The Achievement Factory
August 17, 2015
Oh boy, it's already August, the month of Summer's end, crummy weather, and, at least in the US, the collective groan of students as they go back to school for another 190 days*. So in honor of the latter of those three, let's talk about schools.
My experience in education is a bit stranger than most, not out of anything of my own doing or anything that's unique to me, but because I've moved between radically different philosophies and cultures around education, from the more stressful, focused Korean culture of education to the slightly more laid-back, but nonetheless commendable, American culture of education. And I could go on for hours talking about the advantages and the disadvantages of each, from the level of pressure and the mindset focusing on career options and following the "track" to the role that "schools" -- official, government buildings -- play in a much larger picture of learning that happens both inside those concrete walls as well as outside. There's definitely a lot to digest in terms of differences, most of which I'm not exactly qualified to discuss in depth. But of course, there are differences between cultures, especially when they're literally oceans apart. A stranger coincidence is when they seem to focus on the same idea.
The keyword in almost every single school in the world is achievement. What are the achievement standards? How much are we achieving? How much has student achievements evolved and improved over the years? It's the one idea that education as a global culture chases like some kind of a holy grail of learning. Even in Korea, where they use different words to denote the same idea, "achievement" is attached to semester exams, qualification tests, college-prep courses, and anywhere else where education seems to be remotely related. And to some extent, that goes back to the fact that achievement is such a broad and all-encompassing term. But on the other side of the coin, what's this "achievement" that the culture of education seems so enthralled by across nations and borders? I'm definitely not the most educated person on that topic, but I don't think I'm taking a long shot when I define academic achievement as a mixture of how much a student understands ideas, and to what extent they can apply that idea in practical, everyday life or at work.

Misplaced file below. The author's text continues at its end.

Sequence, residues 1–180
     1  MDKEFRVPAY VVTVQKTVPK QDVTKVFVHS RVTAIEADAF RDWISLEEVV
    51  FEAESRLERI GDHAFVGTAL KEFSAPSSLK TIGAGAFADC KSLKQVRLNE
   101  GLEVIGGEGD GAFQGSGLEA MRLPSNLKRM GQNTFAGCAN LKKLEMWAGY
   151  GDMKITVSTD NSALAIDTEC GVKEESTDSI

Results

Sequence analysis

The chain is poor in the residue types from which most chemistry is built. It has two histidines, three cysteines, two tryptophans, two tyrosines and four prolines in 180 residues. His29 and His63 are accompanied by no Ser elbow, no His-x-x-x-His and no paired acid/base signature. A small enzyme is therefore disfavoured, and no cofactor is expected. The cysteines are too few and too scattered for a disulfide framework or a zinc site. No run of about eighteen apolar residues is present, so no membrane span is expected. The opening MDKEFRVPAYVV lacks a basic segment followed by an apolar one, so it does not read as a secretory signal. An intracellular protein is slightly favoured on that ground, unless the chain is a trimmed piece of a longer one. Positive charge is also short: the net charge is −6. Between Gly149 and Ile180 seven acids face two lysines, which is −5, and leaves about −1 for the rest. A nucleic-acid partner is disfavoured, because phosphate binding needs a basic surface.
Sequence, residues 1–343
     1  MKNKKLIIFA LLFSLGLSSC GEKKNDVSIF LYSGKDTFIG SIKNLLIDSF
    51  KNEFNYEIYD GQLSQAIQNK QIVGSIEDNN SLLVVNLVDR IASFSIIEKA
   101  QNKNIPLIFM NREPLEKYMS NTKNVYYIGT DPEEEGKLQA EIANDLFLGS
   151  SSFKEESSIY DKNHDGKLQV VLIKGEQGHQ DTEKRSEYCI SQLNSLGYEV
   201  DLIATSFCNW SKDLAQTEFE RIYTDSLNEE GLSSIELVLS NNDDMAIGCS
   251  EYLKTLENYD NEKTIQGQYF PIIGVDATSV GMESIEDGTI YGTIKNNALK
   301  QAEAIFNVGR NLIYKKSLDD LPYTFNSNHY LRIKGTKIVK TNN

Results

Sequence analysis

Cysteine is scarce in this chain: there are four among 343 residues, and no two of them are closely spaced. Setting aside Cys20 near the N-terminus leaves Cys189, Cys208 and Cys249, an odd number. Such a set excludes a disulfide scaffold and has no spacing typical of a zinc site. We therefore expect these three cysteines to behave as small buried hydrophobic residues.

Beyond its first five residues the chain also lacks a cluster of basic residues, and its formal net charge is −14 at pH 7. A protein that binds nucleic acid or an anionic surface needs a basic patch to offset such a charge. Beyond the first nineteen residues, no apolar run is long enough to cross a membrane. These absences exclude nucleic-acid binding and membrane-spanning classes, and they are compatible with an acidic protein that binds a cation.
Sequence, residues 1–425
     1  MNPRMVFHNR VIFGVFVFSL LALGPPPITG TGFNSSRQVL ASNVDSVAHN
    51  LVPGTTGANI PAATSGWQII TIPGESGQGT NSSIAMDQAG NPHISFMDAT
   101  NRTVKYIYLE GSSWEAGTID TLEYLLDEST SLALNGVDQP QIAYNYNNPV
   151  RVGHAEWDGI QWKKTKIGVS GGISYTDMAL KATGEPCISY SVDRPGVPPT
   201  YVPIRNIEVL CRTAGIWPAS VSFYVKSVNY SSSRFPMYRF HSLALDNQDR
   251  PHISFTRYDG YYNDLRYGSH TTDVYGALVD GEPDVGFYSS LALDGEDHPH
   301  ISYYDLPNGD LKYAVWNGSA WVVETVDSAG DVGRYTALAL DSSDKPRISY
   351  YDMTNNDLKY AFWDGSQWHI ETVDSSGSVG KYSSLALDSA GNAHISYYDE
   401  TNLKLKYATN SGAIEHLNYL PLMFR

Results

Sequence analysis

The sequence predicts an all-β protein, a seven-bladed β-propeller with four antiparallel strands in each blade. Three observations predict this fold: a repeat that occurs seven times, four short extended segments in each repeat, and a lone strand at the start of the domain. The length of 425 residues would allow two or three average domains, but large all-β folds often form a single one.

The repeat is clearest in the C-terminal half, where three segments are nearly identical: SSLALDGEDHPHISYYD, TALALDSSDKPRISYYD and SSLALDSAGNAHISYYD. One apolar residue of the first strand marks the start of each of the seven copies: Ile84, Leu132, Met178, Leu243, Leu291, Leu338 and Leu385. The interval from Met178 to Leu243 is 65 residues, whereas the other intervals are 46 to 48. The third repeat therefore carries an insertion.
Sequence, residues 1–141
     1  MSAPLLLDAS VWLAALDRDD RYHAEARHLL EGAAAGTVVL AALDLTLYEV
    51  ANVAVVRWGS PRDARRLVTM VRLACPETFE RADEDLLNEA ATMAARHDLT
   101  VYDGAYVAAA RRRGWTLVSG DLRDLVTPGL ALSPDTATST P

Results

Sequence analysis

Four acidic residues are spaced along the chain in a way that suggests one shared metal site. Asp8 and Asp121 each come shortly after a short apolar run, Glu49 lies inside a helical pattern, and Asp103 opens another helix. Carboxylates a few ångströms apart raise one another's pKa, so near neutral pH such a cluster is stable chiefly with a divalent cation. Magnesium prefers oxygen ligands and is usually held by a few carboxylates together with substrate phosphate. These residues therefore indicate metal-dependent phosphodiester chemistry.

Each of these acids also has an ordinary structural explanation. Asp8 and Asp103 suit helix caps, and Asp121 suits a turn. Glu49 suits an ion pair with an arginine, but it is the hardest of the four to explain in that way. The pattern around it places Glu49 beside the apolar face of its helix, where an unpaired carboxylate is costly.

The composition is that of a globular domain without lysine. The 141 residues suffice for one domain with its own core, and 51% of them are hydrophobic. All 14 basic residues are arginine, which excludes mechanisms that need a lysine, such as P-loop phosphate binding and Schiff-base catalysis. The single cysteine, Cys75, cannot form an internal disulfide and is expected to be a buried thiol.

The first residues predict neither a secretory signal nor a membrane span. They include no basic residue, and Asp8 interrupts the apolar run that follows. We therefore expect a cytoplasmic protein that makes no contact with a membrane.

To be clear, there's nothing wrong with that definition and approach -- it's a great definition, and a great target to aim for, because, of course, without understanding or applicability, there's literally no value to learning anything. Achievement, I think, is aptly described as the measure of potential gained from learning something. If you "achieve" highly in an economics class, for example, you have the skills required to understand and use that knowledge. Excellent!
But as I do from time to time, I want to make an analogy to the technology industry, so bear with me for a moment.
iPhones, off and on the best-selling phones in the US, are designed in a studio somewhere in Silicon Valley. Then when the design is complete, it's shipped off to Foxconn, a Chinese megafactory tasked with the majority of Apple's manufacturing needs. At Foxconn, the components are put together with nanometers of tolerance, assembled with components that cost several hundred dollars each, into a shiny, expensive, premium final product to be shipped to storage facilities or retail stores around the world. At this stage, each unit of iPhone has "achieved" highly in Apple's quality assurance tests, design requirements, and even the customers' prospective desires in a new phone. It holds an incredible amount of potential.